The Labour leader said the sum represented the minimum hourly rate needed to provide an acceptable standard of living.
As part of Labour’s policy review, the party is considering ways to make the rate, which is more than £1 higher than the legal adult minimum wage, the new norm.
Listed companies who do not pay the living wage could be “named and shamed” through new corporate governance proposals, and Whitehall contracts could be limited to firms that pay their workers at the new hourly rate.
Seeing Ed Miliband and Boris Johnson on the same side of the living wage debate can be a little disconcerting, but it shouldn’t devalue the principle.
Johnson has built his career on supporting some popular concepts to counterbalance his general adherence to hardline right-wing Tory policies.
Supporting a voluntary campaign for employers in London to pay their workers a minimum of £8.55 an hour – £7.45 outside the capital – does not diminish the memory that he was instrumental in whipping up the self-serving campaign to reduce the top rate of income tax from 50p to 45p.
However, the London mayor is correct to make the point that giving low-paid workers more money in their pocket generates consumer demand since none of their pay finds its way into elaborate overseas tax-avoidance schemes.
Workers on low wages tend to spend whatever they’re paid, boosting their local economy.
Right-wing politicians and their equally well-heeled cohorts in the billionaire media are obsessed by so-called “welfare scroungers,” who supposedly refuse to work while soaking up huge sums in a variety of benefits.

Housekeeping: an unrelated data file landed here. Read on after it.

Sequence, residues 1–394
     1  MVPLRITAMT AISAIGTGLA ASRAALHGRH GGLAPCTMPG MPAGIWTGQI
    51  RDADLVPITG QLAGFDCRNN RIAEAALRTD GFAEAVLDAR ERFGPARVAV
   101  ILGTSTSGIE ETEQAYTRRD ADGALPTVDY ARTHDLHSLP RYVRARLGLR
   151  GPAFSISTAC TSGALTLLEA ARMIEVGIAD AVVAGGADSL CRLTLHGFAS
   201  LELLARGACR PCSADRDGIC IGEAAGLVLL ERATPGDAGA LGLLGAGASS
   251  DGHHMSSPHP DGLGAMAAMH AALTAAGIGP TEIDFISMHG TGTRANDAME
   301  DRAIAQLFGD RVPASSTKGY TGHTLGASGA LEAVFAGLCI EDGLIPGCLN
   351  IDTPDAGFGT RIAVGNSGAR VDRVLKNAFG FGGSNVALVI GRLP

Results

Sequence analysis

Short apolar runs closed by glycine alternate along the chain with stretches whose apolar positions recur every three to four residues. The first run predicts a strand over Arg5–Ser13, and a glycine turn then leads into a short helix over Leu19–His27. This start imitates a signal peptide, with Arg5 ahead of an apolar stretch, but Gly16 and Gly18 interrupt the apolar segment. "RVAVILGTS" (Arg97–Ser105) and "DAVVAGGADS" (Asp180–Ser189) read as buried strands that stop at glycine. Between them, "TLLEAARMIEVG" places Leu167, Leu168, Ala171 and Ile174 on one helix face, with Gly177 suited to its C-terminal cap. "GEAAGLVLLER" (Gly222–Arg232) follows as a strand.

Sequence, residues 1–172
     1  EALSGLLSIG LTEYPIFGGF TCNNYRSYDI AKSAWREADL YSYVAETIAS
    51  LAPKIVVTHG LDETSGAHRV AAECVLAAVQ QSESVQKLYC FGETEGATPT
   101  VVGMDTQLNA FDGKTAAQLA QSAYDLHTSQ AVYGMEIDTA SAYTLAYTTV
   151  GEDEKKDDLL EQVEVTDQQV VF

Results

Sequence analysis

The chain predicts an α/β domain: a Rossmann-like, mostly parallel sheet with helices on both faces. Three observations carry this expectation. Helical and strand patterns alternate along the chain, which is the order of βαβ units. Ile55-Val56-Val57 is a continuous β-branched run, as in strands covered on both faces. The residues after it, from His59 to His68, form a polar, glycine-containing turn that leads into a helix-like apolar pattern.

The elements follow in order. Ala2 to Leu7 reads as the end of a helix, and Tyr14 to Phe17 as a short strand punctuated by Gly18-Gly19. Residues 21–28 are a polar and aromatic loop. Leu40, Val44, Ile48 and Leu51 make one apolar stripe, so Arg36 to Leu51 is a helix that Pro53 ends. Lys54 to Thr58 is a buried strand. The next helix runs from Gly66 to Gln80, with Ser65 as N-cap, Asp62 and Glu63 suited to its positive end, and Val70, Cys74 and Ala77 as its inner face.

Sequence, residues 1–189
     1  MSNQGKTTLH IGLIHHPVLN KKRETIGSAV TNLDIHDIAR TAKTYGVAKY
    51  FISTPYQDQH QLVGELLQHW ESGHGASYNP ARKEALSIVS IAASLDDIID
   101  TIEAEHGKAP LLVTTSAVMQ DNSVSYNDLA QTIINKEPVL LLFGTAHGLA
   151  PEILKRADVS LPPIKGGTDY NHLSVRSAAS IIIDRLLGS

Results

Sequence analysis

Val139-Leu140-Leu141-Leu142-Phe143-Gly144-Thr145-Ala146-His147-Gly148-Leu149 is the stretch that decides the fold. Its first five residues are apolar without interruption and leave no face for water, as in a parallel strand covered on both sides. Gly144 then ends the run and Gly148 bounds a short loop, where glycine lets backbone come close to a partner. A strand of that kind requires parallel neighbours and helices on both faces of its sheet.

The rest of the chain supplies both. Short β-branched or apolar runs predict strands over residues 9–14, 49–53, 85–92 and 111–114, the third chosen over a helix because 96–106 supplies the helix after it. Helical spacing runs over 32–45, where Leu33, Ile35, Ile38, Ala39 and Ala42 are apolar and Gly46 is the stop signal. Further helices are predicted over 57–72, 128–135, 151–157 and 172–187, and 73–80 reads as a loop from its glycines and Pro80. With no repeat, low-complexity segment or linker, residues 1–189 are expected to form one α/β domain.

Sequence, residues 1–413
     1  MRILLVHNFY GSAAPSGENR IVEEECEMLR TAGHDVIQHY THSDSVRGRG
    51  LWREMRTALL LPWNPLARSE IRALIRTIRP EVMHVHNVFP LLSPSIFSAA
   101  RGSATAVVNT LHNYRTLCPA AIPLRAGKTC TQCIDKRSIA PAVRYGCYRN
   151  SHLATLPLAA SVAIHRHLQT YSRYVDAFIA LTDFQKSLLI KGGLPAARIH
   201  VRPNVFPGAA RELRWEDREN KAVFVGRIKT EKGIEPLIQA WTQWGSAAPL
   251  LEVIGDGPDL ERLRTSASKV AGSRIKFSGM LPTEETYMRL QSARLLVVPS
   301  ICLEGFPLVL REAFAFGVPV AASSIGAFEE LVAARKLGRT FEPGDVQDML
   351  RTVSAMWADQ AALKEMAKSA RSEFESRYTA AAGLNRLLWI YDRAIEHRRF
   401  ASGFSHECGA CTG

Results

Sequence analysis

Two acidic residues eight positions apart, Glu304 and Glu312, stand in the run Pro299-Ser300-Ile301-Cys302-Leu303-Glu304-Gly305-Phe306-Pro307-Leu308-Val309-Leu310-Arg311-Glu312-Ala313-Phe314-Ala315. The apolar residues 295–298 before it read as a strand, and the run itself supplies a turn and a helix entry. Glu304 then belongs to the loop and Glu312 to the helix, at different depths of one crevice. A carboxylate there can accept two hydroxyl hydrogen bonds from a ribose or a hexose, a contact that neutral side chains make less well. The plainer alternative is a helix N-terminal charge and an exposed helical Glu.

Work and Pensions Secretary Iain Duncan Smith has used this urban myth to justify his all-encompassing Universal Credit, which is set to take effect next year and is expected to cut the living standards of hundreds of thousands of people.
Almost a million people who qualify for housing benefit are in work but their pay is so low that they need this assistance.
The government knows that constantly rising levels of rent, especially in London, lead inexorably to many more low-paid workers qualifying for housing benefit, so it is introducing a housing benefit cap to force families out of high-demand accommodation into less desirable areas, even though this can be calculated to affect some people’s ability to hold on to their jobs.
Duncan Smith has got his teeth into two more urban myths – the idea of rich pensioners eagerly grabbing free bus passes or that free TV licences for over-75s constitute a major drain on public finance.
This hard-faced Tory, who owes his personal comfort to marrying into wealth, claims “fairness” as his motive, but the campaign against universal benefits betokens deep-rooted hostility to the welfare state itself.
Universal benefits are more efficient, needing less bureaucracy to operate and having a higher take-up than means-tested benefits.
As for the idea of millionaires using their passes to clutter up buses, that’s as likely as seeing Duncan Smith sitting next to you on public transport.
If government ministers really want to tackle welfare scroungers, they should get a grip on employers who pay their workers so poorly that they have no choice but to apply for benefits.
Over half of staff employed in distribution, hotels and restaurants are dependent on benefits, as are 15-20 per cent of workers in manufacturing, finance and construction.
The weakening of Britain’s trade unions over the past 30 years is the main contributory factor in the share of GDP given to labour costs falling from nearly two-thirds to just over half and the number of workers covered by negotiated pay awards declining substantially.
This places an onus on government to redress the balance by legislation.
While some employers will concede a living wage voluntarily, many more will not, which suggests that the current minimum wage should be superseded by a legally enforceable living wage.